# How to sample pairwise independent gaussians

If $X_1, \ldots , X_k$ are i.i.d normal random variables with mean $0$ and variance $1$, then is there a way to sample $Y_1, \ldots , Y_m$ for $m=\omega(k)$ such that each of the $Y_i$'s is a normal random variable with mean $0$ and variance $1$ and they are pairwise independent?

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What does i.i.d stand for? independently something-something? – sleepless in beantown Nov 16 '10 at 3:56
I changed the tag since independence-results refers to a different concept of independence. – Gjergji Zaimi Nov 16 '10 at 4:00
See Devroye - Non-Uniform Random Variate Generation. – zhoraster Nov 16 '10 at 5:53
I think the question is: we have $k$ i.i.d. standard Gaussian random variables ($X_i$) and using them we want to generate more than $k$ pairwise independent standard Gaussian random variables ($Y_i$) (and we want to do it an efficient way). Cross posted on cstheory.SE: cstheory.stackexchange.com/questions/3034/… – Kaveh Nov 16 '10 at 6:49
@Kevin: $m = \omega(k)$ in this context means that $m$ must grow faster than $k$, so $m = \sqrt{k}$ would not be fine. $m = 0.0001 k \log k$ would be fine. – András Salamon Nov 16 '10 at 18:05

Here is the answer I promised in my last comment.

Instead of considering ${\rm N}(0,1)$ variables, we may consider uniform$[0,1)$ variables. Indeed, if $Z_i$ are i.i.d. ${\rm N}(0,1)$ variables, then, with $\Phi(\cdot)$ denoting the ${\rm N}(0,1)$ distribution function, $U_i := \Phi (Z_i)$ are i.i.d. uniform$[0,1)$ variables. In turn, if $\tilde U_i$ are pairwise independent uniform$[0,1)$ variables, then $\tilde Z_i := \Phi^{-1} (\tilde U_i)$ are pairwise independent ${\rm N}(0,1)$ variables.

The rest of this answer is based on the recent paper "Recycling physical random numbers", available at 1 or 2. Henceforth, we use the same letters as in that paper. Suppose that $U_1,\ldots,U_n$ are independent uniform$[0,1)$ variables. Fix $2 \leq m \leq n$, and define $N_m = {n \choose m}$. Now let $X_i$, for $i = 1,\ldots,N_m$, comprise all $N_m$ distinct sums of the form $U_{r_1 } \oplus U_{r_2 } \oplus \cdots \oplus U_{r_m }$, for $1 \le r_1 < r_2 < \cdots < r_m \le n$. Here $U_{r_1 } \oplus U_{r_2 } \oplus \cdots \oplus U_{r_m }$ is the sum modulo $1$ of the $U_{r_i}$, given explicitly by $$U_{r_1 } \oplus U_{r_2 } \oplus \cdots \oplus U_{r_m } = U_{r_1 } + U_{r_2 } + \cdots + U_{r_m } - \left\lfloor {U_{r_1 } + U_{r_2 } + \cdots + U_{r_m } } \right\rfloor ,$$ where $\left\lfloor \cdot \right\rfloor$ is the floor function. Then, the $X_i$ are pairwise independent uniform$[0,1)$ variables. In particular, by letting $m=2$, we can efficiently construct $n(n-1)/2$ pairwise independent uniform variables from $n$ independent ones.

Finally, for general purposes it might be worth stating the following simple fact (Proposition 2 in the aforementioned paper). For $N \geq 2$, let $Y_1,\ldots,Y_N$ be pairwise independent random variables with common mean $\mu$ and common variance $\sigma^2 < \infty$. Define $\bar Y = \frac{1}{N}\sum\nolimits_{i = 1}^N {Y_i }$ and $s^2 = \frac{1}{{N - 1}}\sum\nolimits_{i = 1}^N {(Y_i - \bar Y)^2 }$. Then, ${\rm E}(\bar Y) = \mu$, ${\rm Var}(\bar Y) = \sigma^2/N$, and ${\rm E}(s^2) = \sigma^2$. Combined with the previous paragraph, a straightforward implication is that for a square-integrable function $f$ defined on $[0,1)$, we can approximate the integral $\mu = \int_{[0,1)} {f(x)\,{\rm d}x}$ using a modest number $n$ of independent random inputs. Indeed, note that $n$ independent random inputs can be used to get unbiased Monte Carlo estimates for $\mu$ with the same variance as with $N_m = {n \choose m}$ independent random inputs.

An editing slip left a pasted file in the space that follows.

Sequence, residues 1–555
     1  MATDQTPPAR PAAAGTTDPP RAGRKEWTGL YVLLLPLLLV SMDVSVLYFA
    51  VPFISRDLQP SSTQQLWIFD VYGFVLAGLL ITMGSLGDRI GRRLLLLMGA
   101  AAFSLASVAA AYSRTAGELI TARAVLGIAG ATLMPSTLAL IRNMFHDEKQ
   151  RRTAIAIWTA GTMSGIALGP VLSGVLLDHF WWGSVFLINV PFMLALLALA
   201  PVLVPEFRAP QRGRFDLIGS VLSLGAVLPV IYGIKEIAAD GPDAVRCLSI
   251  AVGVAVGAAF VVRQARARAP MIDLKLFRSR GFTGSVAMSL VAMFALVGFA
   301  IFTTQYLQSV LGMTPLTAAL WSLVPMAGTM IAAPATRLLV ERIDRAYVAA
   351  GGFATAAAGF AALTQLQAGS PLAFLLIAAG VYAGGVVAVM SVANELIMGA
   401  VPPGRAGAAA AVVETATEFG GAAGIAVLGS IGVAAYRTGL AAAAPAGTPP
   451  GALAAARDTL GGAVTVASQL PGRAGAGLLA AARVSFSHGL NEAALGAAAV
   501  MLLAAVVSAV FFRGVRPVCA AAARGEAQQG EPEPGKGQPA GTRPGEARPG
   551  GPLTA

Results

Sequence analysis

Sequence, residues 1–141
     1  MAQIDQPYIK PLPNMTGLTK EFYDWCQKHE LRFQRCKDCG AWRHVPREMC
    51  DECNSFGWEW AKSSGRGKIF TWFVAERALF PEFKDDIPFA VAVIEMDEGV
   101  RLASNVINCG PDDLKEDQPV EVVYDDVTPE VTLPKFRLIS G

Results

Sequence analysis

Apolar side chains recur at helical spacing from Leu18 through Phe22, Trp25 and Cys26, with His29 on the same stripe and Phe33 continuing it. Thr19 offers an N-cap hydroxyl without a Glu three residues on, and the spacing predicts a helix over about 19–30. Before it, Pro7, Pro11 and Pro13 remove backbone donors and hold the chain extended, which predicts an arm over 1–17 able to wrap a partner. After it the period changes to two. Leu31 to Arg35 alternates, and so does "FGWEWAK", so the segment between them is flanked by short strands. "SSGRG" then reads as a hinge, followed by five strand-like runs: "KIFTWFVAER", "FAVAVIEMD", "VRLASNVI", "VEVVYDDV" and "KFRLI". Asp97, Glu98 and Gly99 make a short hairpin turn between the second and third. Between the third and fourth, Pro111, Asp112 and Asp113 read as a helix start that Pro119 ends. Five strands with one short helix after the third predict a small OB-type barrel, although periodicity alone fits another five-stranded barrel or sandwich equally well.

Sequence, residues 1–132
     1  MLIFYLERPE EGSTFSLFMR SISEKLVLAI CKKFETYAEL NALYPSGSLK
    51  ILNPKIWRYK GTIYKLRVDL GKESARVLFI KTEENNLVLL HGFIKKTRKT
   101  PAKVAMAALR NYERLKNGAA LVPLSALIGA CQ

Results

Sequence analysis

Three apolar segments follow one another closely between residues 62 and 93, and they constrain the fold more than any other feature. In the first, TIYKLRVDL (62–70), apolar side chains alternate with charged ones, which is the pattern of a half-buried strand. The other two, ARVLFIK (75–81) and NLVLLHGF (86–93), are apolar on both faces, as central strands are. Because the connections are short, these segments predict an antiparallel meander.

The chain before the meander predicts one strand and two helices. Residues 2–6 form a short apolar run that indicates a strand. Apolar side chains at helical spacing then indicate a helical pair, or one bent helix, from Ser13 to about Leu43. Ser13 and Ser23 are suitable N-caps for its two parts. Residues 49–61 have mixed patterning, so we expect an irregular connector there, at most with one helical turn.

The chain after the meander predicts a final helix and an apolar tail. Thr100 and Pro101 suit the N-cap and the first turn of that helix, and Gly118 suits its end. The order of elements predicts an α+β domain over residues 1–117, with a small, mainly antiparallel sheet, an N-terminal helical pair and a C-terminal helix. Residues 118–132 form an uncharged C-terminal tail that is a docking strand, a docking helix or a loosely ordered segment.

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It is not clear if the transformations from normal to uniform and vice versa are considered efficient in our context (maybe the OP should decide). Anyway, I will give an elaborated answer for the uniform case, probably within a day. – Shai Covo Nov 17 '10 at 7:32
The method used in this paper is well known (see for example my answer: mathoverflow.net/questions/7998/…). Furthermore, you can easily get $2^m-1$ pairwise independent rv's. In fact, I am not sure what the novelty of this paper is (but I only skimmed it). – Ori Gurel-Gurevich Nov 17 '10 at 18:36
In my opinion, that previous thread on MO only suggests that the above solution is not well known; indeed, in our setting it is essential that the rv's be continuous. – Shai Covo Nov 18 '10 at 21:05

I'm not sure what you mean by "is there a way to sample". But the following fact may be of interest:

Proposition. Let $F_1, F_2, \dots$ be any sequence of distributions (possibly infinite), and let $X$ be a single random variable with any continuous distribution. There exist measurable functions $g_n$ such that $g_n(X)$ are independent random variables with corresponding distributions $F_n$.

Sketch: Let $F$ be the cdf of $X$; then $F(X)$ is uniformly distributed on (0,1). So its bits are iid Bernoulli. By picking apart and reassembling these bits you can get an iid sequence $U_n$ of uniform (0,1) random variables. Now apply the inverses of $F_n$ to the $U_n$.

If you're looking for a practical algorithm, then you should probably be on http://stats.stackexchange.com.

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